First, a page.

Thursday, August 21, 2014

This Increase in Unemployment is Good News for Job Seekers

Reports by the Department of Labor this past month (July 2014) showed an increase in unemployment. However, unlike previous reports, the number of workers losing their jobs was negligible.

Rising unemployment is bad news for the economy and especially bad news for job seekers as it indicates that employers are reducing their workforce rather than expanding and seeking additional workers.

However, as a result of the way the U.S. Department of Labor (DOL) defines unemployment, an increase in unemployment can be viewed on occasion as good news for job seekers.

How is that, you ask?

According to the DOL an unemployed person is one who is both not working AND is actively looking for work.

Once an individual who is not working gets discouraged and STOPS looking for work he or she is no longer officially considered to be unemployed.  For government statistical purposes they are no longer in the workforce and thus in the same class, employment wise, as young children, full time students, retired people, etc. who are not gainfully employed and receiving a pay check.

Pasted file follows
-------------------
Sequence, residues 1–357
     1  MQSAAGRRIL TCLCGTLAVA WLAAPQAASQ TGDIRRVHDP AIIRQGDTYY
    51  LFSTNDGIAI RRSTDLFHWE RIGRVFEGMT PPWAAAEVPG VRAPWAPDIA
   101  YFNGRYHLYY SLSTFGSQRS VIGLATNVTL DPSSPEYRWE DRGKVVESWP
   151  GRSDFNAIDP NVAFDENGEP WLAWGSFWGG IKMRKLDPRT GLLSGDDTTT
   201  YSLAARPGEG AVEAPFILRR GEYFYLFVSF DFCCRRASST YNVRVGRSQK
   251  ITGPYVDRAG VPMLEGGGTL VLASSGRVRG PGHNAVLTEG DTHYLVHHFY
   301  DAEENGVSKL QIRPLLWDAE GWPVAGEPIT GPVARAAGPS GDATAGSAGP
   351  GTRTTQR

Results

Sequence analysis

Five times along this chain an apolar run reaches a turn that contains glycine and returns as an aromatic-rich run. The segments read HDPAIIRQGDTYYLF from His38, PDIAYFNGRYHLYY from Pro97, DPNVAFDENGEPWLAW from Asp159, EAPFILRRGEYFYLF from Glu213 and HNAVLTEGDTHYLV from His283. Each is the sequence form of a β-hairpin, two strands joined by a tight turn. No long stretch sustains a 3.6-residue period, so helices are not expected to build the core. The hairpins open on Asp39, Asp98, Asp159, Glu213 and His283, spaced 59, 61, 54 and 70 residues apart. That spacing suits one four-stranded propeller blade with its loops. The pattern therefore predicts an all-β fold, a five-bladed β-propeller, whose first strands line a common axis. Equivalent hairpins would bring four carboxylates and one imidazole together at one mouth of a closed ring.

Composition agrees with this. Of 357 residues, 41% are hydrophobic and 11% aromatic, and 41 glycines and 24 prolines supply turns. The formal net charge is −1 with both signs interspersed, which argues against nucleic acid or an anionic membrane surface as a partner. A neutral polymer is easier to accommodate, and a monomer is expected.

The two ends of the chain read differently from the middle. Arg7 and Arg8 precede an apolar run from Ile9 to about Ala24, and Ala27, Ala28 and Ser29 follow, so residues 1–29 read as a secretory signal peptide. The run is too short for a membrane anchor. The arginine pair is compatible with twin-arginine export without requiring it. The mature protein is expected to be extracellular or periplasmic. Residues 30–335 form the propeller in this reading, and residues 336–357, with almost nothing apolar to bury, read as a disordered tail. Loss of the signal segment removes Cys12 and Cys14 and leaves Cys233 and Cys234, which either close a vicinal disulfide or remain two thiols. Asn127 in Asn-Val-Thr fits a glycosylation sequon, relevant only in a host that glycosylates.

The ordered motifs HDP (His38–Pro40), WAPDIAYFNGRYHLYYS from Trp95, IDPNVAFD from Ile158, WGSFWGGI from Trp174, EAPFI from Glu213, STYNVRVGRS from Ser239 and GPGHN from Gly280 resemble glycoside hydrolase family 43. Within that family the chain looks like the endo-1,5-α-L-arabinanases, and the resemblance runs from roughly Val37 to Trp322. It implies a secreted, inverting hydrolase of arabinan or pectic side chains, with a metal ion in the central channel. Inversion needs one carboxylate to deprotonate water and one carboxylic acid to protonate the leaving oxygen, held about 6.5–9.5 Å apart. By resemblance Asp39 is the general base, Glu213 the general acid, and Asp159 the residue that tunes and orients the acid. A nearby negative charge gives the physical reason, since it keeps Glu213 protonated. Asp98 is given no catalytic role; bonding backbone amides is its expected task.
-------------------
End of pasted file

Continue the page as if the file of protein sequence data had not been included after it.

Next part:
Thanks to things like savings, unemployment compensation, food stamps, income from a working spouse, etc. many people are able to scrape by without a job. 

These people were not necessarily lazy.  Rather, they simply accepted the reality that there were no jobs available and decided to hunker down and ride out the economic storm.  Also, depending upon the amount of resources (noted above) available for support, many were able to afford to patiently wait for the right type of job to come along - a job similar in pay and stature to their previous position.

The recession also forced employers to become more efficient and able to maintain or increase the output of their goods or services with the same or fewer resources.  However, there are limits to efficiency and at some point expanding output further to meet growing demand requires more resources including labor resources.

Our economy appears to have reached the point where employers are both more confident in the economy's continued growth and face the need to begin hiring again in order to keep pace with that growth.

The result is that hiring has started to increase and as the discouraged workers, who previously stopped looking for work, have begun seeing family members, friends and neighbors suddenly finding jobs, they too are deciding to begin looking again.  Once these previously discouraged workers begin actively looking for work they are considered unemployed once more.

With employers hiring rather than laying off workers the current swelling of the ranks of the unemployed is the result of discouraged workers re-entering the labor force rather than the result of more layoffs.

This is why the recent increase in unemployment numbers that were not accompanied by increases in layoffs is good news for both the economy and for those wanting to work.

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